In lower Montgomery, upper Harris county we have 4 venomous snakes, only 3 of which you are likely to run across: Southern Copperhead, Western Cottonmouth, Texas Coral snake. Below are photos pointing out the identifying marks.
I often see coral and copperhead snakes sunning themselves on trails along the bayous in the summer.
Squirrels have bitten to death a stray dog which was barking at them in a Russian park, local media report.
Passers-by were too late to stop the attack by the black squirrels in a village in the far east, which reportedly lasted about a minute.
They are said to have scampered off at the sight of humans, some carrying pieces of flesh.
A pine cone shortage may have led the squirrels to seek other food sources, although scientists are sceptical.
I lived in the DFW area in the early eighties for two years and never once saw a live armadillo. We moved to Houston in ’05 and it took another two years before I saw a live one. It had gotten to be a joke that some fairies just put dead ones out in the middle of the night to find in the morning.
The eyesight on these guys is so bad that I was able to photograph one with out being noticed from about 2′ away. They seem to have little fear of humans if you don’t startle them.
There are many kinds of armadillos, which are mammals, and their closest living relatives are sloths and anteaters. In the United States we have the 9 banded armadillo (Dasypus novemcinctus ). It is the only known mammal to give birth to four and always four identical, same sexed, quadruplets. Gestation is about 150 days. Birth usually occurs in March or April. The life span of the armadillo can be as long as 15 years. Armadillo adults weigh between 8 to 17 pounds.
While mostly nocturnal they can occasionally be found looking for food during the day, especially in colder weather. They prefer shady areas dense in trees and brush that are close to water supplies. They also prefer areas with loose, loamy soils.
Armadillos can move fast when needed and can also swim or walk across shallow streams.
Gardeners know them from the damage they wreck in the garden while we sleep. If you wake up to find your garden roto-tilled a few inches deep, it was likely an armadillo. They are looking for grubs and other tasty insects in your garden. 90% of the diet of an armadillo is insects, including earth worms. Occasionally they will eat berries, vegetables, soft roots or eggs.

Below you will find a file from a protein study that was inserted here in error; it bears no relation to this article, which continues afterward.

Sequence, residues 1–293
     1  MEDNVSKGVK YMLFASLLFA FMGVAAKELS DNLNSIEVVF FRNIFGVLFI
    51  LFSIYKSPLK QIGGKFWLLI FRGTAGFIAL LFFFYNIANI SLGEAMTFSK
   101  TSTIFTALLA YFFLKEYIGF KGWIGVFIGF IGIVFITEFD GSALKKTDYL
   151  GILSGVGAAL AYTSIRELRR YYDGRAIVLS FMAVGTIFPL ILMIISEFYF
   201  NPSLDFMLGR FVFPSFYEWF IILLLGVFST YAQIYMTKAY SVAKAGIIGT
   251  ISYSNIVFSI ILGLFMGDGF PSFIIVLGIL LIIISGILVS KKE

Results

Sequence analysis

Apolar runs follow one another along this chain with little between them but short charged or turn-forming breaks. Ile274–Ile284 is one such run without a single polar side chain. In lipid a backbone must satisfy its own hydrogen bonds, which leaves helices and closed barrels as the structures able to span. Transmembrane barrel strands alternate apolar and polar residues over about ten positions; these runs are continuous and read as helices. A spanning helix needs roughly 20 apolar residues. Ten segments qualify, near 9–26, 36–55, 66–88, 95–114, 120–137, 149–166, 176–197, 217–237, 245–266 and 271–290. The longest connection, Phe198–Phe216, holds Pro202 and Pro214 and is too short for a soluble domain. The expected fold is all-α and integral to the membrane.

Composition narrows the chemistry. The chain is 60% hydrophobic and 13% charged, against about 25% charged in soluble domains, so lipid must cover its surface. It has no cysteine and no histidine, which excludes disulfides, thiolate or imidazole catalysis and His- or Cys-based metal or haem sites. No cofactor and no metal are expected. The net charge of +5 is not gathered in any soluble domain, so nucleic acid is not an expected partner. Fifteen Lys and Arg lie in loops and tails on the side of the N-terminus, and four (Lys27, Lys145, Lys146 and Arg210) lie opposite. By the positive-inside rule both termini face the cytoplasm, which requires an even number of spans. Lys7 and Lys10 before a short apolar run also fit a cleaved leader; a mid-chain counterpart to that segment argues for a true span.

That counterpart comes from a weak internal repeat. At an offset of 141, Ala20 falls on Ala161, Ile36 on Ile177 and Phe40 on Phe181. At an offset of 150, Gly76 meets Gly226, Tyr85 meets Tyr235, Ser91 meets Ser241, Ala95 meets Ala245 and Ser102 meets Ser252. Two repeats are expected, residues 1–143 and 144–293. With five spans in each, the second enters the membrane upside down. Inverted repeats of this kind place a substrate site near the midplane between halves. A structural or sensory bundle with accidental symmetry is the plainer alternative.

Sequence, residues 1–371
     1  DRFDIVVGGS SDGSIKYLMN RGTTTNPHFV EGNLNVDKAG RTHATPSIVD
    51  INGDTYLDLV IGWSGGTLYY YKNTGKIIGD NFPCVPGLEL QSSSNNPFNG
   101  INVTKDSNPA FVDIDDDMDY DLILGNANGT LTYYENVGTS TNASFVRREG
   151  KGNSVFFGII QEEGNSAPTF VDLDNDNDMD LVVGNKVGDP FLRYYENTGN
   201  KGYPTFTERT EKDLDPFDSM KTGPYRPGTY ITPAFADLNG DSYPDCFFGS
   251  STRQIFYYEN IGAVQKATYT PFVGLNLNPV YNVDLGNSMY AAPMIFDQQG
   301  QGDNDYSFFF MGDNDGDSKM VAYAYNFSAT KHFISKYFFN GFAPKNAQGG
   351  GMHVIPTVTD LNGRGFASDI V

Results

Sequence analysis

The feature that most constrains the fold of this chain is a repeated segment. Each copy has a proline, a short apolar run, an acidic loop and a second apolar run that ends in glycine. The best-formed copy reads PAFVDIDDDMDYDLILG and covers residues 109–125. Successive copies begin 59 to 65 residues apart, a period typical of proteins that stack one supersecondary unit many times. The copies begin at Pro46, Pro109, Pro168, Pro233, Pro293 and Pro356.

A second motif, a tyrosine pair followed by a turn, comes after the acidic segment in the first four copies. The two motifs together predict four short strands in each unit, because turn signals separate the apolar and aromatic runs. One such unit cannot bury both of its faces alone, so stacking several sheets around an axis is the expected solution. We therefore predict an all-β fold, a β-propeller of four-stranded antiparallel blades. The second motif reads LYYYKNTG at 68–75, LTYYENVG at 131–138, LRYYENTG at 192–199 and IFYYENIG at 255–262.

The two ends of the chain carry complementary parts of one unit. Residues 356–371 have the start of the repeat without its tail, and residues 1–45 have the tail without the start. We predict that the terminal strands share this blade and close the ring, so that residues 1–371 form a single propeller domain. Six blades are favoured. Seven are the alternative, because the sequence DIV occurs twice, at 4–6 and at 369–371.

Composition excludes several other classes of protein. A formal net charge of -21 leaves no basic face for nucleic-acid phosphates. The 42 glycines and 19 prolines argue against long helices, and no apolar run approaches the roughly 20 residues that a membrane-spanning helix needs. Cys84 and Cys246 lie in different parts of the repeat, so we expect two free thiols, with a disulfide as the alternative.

To keep them out of your garden you need a strong fence buried several inches below ground level, and angled at about 40′ since they can climb, or more easily mulch. Armadillos tend not to like the smell of mulch. So fresh layers of mulch do more than hold water in your soil.
If you are looking to trap an armadillo you’ll need a trap about 10″x12″x32″. Traps are best set along pathways to armadillo burrows. Traps open at both ends do not need bait, rotting fruit is best in traps that must be baited.
Armadillos can carry the bacteria for leprosy, so you should handle them and areas they occupy with care.
Bats are of the order Chiroptera. There are two branches: megachiroptera and microchiroptera. In Texas we have only microchiroptera bats. There are over 45 known species of bats, 33 of which reside in Texa. Of those 33 bat species residing in Texas 31 live on insects, 2 live on nectar. The nectar eating bats live along the Rio. 11 species of bats reside in Houston and all those in the Houston area are bug eaters. There are 12 species of bats in the general Houston area. 31 bat species reside in Texas. The largest Texas bat is a ‘Western Mastiff Bat’ with a wing span of 21″.
Bats are mammals and live an average of 41 years. They are the only true flying mammal. The wings have a stretchy material between the bones which is what allows them such maneuverability when flying.
There are three species of vampire bats. All of which reside in Latin America. They feed on the blood of sleeping animals. The bats noses have heat sensors to help locate victims. The vampire bats have very strong legs allowing them to leap. Fangs are in the center of the top row of teeth, like buck teeth. They punch a tiny hole in the victim and lick the blood as it comes out. The blood has an anti coagulant to stop the bleeding. They drink about a teaspoon of blood a night.